"My room is like a violin solo, because when everything is in tune, it's kinda breathtaking."
What an amazing night with amazing educators! We kicked off our innovative Classroom4theFuture project with thirteen of St. Clair County's finest teachers, along with the support of two Port Huron's Instructional Technology team members, Jim Leishman and Kit Hard.
The evening kicked off with trying to Be More Dog, mixing and mingling, before settling in to work in grade-level teams. Quickly, teams settled into the rather challenging activity of comparing their classrooms to some very different, even weird things. Here are a few:
- My classroom is like "Vikings because at times there's battles, invasions, exploration, domination, conquering, and bravery."
- My classroom is like basketball because "there is lots of movement - sometimes a 'bounce doesn't go exactly where you think it might or should."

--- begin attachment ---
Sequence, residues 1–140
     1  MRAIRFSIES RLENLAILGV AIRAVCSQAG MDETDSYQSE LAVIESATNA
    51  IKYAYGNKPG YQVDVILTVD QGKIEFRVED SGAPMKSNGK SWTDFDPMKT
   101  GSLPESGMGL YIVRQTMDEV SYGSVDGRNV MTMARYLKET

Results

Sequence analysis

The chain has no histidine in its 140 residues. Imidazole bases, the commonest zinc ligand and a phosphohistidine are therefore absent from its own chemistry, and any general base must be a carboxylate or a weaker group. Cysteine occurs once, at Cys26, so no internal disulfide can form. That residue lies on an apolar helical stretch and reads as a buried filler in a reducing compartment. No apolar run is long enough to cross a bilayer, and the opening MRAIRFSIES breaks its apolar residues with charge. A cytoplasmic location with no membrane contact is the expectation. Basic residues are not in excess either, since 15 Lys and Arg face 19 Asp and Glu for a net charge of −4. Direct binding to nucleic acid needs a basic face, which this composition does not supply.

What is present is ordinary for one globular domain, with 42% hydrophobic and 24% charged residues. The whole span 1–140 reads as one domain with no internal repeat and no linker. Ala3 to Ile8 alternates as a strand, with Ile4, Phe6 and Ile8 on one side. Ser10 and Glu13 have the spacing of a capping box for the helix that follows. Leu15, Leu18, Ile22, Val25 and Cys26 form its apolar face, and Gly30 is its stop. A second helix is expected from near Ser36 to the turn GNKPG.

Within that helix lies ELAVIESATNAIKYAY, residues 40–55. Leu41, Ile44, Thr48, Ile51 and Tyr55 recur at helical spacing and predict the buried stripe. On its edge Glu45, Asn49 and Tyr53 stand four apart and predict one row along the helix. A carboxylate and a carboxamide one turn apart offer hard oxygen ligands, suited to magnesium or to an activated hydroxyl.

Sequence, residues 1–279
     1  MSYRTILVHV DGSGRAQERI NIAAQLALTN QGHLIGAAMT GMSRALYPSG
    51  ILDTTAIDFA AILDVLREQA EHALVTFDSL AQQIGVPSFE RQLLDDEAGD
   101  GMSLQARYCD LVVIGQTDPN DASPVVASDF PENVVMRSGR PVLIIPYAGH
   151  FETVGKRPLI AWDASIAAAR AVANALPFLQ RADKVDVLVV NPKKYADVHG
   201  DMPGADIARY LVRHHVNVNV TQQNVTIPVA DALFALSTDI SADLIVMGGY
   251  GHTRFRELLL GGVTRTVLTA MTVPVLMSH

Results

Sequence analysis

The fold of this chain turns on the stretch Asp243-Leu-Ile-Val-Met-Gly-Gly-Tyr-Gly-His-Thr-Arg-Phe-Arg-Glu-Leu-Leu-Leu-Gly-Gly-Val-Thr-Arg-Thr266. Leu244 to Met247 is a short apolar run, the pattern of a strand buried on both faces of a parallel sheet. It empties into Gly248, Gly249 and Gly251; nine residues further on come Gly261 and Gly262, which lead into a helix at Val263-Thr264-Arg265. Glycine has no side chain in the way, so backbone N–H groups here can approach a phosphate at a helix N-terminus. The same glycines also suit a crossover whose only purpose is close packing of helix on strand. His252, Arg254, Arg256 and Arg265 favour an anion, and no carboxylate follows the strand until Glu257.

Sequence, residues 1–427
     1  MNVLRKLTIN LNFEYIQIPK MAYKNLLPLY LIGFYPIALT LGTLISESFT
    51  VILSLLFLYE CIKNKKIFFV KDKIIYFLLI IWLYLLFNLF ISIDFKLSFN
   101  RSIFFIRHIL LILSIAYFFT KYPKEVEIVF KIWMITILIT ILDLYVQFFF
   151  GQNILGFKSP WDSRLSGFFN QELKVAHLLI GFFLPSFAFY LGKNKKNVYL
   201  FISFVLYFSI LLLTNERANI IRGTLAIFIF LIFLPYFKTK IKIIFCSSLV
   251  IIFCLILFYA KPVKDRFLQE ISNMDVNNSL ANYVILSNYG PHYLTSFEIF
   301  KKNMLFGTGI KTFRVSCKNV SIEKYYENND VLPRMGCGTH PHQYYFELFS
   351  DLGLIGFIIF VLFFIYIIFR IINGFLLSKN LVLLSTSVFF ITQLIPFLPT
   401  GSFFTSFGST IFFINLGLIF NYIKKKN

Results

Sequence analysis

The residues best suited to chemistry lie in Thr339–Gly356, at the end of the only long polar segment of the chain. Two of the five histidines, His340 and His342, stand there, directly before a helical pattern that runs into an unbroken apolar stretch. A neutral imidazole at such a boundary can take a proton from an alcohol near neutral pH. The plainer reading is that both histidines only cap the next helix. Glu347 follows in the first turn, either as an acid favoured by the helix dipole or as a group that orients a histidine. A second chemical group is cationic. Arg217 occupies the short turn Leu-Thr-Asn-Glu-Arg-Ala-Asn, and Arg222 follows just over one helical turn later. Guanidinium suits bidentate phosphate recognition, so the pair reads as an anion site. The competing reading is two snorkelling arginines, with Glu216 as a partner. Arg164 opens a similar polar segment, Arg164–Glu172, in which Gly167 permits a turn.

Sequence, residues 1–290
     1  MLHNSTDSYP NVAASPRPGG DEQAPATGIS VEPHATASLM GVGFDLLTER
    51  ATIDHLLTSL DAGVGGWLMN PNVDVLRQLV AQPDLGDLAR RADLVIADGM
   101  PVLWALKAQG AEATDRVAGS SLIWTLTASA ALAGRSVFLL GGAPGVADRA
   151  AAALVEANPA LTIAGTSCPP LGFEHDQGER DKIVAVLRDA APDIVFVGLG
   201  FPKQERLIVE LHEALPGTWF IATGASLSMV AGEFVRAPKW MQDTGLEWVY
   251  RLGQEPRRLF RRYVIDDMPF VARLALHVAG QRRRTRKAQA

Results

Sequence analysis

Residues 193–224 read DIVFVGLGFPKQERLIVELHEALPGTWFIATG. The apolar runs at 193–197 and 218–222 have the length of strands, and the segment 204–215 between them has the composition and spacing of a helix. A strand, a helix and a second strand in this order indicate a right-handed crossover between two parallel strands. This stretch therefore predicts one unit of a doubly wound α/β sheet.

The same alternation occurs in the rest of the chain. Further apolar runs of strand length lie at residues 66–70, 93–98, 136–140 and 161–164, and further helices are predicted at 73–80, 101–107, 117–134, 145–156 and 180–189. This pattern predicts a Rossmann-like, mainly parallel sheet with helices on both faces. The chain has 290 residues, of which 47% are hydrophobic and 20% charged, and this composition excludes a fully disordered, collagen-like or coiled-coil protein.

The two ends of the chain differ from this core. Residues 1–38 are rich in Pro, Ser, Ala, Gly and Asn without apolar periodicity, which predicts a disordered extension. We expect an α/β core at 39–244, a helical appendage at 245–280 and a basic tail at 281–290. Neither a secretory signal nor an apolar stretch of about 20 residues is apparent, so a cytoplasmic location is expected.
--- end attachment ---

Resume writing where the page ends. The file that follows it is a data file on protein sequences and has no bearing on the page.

- My classroom is like an "aquarium because there are many different types with different needs and I get to feed and watch them."
- "My classroom is like a skyscraper because I try to get students to aim high."
- "My classroom is like a purse because it is so jammed full of stuff."
Once loosened up, teachers brainstormed the worst professional learning fears, then shifted to thinking about their greatest hopes for professional learning. Reflecting on their collective their Fears and Hopes, teams established norms and expectations they agreed to uphold as collaborative teams - and I solemnly swore to uphold them as well.
Once teams established they have the same learning outcomes in mind, we moved on to thinking about the challenge at hand. Teachers began their new role as Classroom Anthropologists, experiencing Vuja De to find the Gorillas in their classrooms. To a normal person, this is an extremely strange sentence, but to the extraordinary Classroom4theFuture team, this means they are venturing back into their classroom to take field notes and to document evidence of the nuances in their classrooms. They are stepping out of their teacher experience to better understand the barriers in their classrooms, from the students' point of view, and from the open and curious mind of the Classroom Anthropologist (a.k.a. the More Dog Teacher). #BeMoreDog